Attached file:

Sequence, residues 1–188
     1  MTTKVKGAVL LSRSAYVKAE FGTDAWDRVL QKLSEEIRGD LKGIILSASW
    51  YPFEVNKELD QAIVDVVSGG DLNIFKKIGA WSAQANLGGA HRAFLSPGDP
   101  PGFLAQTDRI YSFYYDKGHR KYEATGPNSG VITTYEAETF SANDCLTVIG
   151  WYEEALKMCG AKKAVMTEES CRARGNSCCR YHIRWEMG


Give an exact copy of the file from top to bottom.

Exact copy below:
Sequence, residues 1–188
     1  MTTKVKGAVL LSRSAYVKAE FGTDAWDRVL QKLSEEIRGD LKGIILSASW
    51  YPFEVNKELD QAIVDVVSGG DLNIFKKIGA WSAQANLGGA HRAFLSPGDP
   101  PGFLAQTDRI YSFYYDKGHR KYEATGPNSG VITTYEAETF SANDCLTVIG
   151  WYEEALKMCG AKKAVMTEES CRARGNSCCR YHIRWEMG